Gold Pushes Higher on Fed Move, Correction Possible Posted by James Randolph on September 14, 2012
September 14, 2012 – Gold breached new six-month highs in markets on Friday following the long-anticipated announcement of stimulus from the U.S. Federal Reserve, but such a strong surge in the market brings with it the possibility of a corrective movement before gold continues the climb.
The gains made on Friday are relatively modest after the 2 percent surge the market experienced on Thursday and the cumulative gain of 10 percent in the last month, most of which has been attributed to anticipation of a quantitative easing program.
Thursday, following a two-day meeting of the Federal Open Markets Committee, the Federal Reserve launched an open-ended mortgage debt buying program and pledged to keep interest rates low until at least mid-2015, a six month to one year extension from previous commitments.
Precious metals were up across the board with silver, platinum, and palladium, all of which are used in industrial applications, climbing to the highest levels seen in their respective markets in roughly six months.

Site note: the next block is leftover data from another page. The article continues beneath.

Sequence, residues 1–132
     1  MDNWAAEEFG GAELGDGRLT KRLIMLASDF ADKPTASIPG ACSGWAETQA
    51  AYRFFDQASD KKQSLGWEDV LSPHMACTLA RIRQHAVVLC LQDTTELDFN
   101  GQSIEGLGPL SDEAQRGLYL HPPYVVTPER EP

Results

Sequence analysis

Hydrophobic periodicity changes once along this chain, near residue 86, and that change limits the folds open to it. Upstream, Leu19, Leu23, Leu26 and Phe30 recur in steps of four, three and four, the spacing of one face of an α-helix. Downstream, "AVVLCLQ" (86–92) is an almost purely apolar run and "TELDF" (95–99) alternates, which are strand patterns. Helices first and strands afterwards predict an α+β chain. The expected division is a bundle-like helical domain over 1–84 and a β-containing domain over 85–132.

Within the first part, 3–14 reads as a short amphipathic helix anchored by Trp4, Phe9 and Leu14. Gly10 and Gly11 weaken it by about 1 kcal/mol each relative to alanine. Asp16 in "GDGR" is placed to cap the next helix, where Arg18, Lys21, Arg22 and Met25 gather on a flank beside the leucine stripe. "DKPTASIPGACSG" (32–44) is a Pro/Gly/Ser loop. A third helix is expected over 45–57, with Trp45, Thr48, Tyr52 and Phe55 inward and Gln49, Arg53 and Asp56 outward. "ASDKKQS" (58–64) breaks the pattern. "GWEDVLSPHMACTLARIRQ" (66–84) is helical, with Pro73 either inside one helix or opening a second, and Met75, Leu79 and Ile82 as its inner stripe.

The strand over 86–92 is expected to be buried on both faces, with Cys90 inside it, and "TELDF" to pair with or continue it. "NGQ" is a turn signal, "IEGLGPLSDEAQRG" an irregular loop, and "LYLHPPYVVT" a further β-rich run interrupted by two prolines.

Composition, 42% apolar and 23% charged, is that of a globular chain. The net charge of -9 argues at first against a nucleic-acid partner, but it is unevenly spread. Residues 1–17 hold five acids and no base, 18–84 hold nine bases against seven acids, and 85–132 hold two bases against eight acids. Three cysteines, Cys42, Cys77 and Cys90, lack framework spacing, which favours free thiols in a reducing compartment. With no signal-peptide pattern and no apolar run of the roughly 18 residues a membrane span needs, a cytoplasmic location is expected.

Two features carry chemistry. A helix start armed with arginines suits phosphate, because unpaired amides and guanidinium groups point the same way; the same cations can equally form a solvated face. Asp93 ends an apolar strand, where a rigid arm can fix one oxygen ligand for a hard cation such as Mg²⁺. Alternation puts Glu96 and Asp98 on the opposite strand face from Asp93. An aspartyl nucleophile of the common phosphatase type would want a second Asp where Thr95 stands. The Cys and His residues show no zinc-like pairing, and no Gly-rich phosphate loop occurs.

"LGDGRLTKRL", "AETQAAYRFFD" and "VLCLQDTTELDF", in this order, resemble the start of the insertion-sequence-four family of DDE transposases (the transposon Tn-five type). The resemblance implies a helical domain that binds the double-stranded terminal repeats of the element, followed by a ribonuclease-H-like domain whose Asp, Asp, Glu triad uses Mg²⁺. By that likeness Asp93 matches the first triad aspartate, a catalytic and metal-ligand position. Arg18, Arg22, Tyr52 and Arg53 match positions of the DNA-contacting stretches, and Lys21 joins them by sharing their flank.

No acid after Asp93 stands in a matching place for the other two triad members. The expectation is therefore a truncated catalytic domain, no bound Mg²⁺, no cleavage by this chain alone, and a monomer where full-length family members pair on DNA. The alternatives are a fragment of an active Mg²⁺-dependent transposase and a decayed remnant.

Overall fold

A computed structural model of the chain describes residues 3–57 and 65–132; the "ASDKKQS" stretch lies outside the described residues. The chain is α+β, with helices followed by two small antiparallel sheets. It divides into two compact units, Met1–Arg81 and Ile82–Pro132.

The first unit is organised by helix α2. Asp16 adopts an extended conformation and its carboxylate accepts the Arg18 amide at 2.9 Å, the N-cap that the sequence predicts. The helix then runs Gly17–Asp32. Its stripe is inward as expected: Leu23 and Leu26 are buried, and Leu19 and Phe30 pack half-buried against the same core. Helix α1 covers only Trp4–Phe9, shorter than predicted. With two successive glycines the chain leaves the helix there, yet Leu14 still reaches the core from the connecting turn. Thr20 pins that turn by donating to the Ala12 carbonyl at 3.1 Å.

The spot price of gold gained 0.45 percent to $1,774.27 per troy ounce after reaching highs at $1,777.51 per troy ounce, the highest prices since February 29.
Tom Kendall, an analyst with Credit Suisse in London, said that after those kinds of moves in the gold market in the past two or three weeks it would be natural to experience a period of consolidation.
Going into the tail end of the year, he adds, he is looking for gold to get to at least the $1,850 per troy ounce level.
Cash gold is set for a 2.3 percent gain in the week, a fourth week of consecutive gains, as investors are taking advantage of encouragement from central banks efforts to promote growth through the hurried printing of cash.
Edel Tully with UBS said gold would see stiff resistance at the $1,790.75-$1,802.93 per troy ounce levels, which are the February and November highs. UBS is also expecting a corrective phase around this area that will unwind over-extended upside conditions.
Kendall added that thus far the rally has been mainly fuelled by institutional and hedge fund buying, but one key to the rally continuing would be a revival of physical buying in foreign markets.